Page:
Instructional Research

Speaking of the union, there are two really good pieces in this month’s American Educator that you should check out:

Putting Students on the Path to Learning makes the case for Fully Guided Instruction (as opposed to Partially Guided Instruction (a.k.a., Discovery or Inquiry learning) particularly for novel information, including this interesting gem:

Researchers found that algebra students learned more by studying worked examples than by solving equivalent problems…For novices studying worked examples seems invariable superior to discovering or constructing a solution to a problem…studying a worked example reduces the burden on working memory (because the solution only has to be comprehended not discovered) and directs attention…toward storing the essential relations between problem-solving moves in long-term memory. Students learn to recognize which moves are required for particular problems, which is the basis for developing knowledge and skill as a problem solver.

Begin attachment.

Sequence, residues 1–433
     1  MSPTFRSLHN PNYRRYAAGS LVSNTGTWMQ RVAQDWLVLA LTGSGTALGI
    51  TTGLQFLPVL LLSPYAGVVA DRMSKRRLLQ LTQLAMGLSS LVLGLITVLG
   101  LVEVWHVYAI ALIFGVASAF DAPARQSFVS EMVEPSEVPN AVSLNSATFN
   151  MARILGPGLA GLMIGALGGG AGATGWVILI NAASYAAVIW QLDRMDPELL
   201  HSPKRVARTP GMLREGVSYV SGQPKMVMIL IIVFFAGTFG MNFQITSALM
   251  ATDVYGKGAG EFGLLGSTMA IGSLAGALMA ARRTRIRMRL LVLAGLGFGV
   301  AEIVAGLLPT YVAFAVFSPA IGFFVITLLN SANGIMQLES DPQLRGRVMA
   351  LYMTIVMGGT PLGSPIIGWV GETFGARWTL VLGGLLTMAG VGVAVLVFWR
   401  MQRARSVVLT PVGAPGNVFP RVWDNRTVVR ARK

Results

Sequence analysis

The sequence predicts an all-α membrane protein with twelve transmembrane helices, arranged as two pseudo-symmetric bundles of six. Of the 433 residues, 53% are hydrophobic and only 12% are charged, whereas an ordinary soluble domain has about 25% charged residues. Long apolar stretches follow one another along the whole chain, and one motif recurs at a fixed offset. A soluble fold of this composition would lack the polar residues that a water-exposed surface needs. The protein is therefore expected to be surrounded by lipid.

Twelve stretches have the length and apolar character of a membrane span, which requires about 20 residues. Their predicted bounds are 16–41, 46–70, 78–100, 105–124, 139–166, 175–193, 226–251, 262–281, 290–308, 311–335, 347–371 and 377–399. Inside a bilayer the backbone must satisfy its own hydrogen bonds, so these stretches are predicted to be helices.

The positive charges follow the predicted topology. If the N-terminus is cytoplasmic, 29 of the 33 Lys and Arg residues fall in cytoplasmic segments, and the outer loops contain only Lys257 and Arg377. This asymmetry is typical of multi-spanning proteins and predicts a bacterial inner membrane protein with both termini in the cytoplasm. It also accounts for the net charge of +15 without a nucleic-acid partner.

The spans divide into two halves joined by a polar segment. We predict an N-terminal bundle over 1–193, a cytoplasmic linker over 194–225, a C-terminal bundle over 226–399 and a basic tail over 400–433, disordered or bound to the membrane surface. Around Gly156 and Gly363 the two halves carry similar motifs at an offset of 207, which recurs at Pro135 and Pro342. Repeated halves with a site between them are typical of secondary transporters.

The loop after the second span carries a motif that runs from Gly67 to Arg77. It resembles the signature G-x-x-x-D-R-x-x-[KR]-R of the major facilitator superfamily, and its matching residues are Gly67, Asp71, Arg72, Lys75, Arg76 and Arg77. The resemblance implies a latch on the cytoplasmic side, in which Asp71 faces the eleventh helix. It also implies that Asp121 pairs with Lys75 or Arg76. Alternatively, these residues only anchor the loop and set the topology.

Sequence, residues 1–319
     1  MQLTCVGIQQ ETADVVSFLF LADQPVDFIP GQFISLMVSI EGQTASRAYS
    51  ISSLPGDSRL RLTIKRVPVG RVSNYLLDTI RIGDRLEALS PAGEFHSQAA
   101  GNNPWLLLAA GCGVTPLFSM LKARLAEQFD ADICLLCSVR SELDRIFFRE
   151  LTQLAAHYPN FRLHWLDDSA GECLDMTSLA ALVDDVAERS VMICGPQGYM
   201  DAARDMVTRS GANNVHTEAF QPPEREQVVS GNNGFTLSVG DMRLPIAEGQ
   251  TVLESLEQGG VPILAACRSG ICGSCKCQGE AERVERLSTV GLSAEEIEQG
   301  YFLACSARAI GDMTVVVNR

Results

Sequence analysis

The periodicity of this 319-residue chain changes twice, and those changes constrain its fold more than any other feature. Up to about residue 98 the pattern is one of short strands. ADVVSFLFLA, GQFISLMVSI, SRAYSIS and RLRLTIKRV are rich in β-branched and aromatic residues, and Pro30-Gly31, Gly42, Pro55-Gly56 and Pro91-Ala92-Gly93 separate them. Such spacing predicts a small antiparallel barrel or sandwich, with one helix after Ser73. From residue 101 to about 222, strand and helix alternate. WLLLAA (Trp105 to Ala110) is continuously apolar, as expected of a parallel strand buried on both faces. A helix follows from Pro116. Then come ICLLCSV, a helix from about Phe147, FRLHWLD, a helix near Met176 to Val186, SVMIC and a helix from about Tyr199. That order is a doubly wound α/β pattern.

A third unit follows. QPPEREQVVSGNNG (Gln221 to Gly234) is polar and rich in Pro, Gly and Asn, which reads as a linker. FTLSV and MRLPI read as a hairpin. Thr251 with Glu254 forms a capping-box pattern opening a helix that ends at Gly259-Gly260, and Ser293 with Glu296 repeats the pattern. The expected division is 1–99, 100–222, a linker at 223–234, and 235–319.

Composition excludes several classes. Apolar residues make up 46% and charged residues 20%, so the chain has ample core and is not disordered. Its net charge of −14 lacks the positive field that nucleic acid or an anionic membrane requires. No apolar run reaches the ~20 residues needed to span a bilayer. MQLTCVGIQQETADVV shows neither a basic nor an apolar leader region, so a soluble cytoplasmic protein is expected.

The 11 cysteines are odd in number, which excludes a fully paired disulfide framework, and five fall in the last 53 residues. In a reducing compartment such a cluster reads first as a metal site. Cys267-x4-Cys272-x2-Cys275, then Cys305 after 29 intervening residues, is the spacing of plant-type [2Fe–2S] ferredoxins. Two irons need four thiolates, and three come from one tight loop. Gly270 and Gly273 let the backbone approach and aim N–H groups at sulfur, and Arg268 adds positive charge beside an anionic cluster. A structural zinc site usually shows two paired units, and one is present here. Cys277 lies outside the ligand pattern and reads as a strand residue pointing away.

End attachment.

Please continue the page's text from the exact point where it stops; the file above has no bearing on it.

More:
The other is “Principles of Instruction: Research Based Strategies that All Teachers Should Know”and it provides an overview of 10 strategies and 17 principles of effective instruction that you probably already know but might, like me, benefit from seeing again.